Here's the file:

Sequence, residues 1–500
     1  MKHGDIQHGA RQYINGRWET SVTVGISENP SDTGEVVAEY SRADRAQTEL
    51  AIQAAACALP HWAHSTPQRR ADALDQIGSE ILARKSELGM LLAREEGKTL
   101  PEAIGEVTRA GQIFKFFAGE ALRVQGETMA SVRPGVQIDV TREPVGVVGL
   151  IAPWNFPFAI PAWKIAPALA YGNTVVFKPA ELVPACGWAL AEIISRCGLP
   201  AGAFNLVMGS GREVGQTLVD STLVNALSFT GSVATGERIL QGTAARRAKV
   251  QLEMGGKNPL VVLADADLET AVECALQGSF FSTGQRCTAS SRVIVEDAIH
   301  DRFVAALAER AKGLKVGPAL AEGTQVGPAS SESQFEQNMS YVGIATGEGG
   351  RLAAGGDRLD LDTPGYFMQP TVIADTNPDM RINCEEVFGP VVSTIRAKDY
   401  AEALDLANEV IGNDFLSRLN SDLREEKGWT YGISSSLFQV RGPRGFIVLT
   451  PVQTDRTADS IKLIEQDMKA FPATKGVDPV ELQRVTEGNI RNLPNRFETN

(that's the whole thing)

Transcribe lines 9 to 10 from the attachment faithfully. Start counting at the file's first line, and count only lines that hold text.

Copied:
   351  RLAAGGDRLD LDTPGYFMQP TVIADTNPDM RINCEEVFGP VVSTIRAKDY
   401  AEALDLANEV IGNDFLSRLN SDLREEKGWT YGISSSLFQV RGPRGFIVLT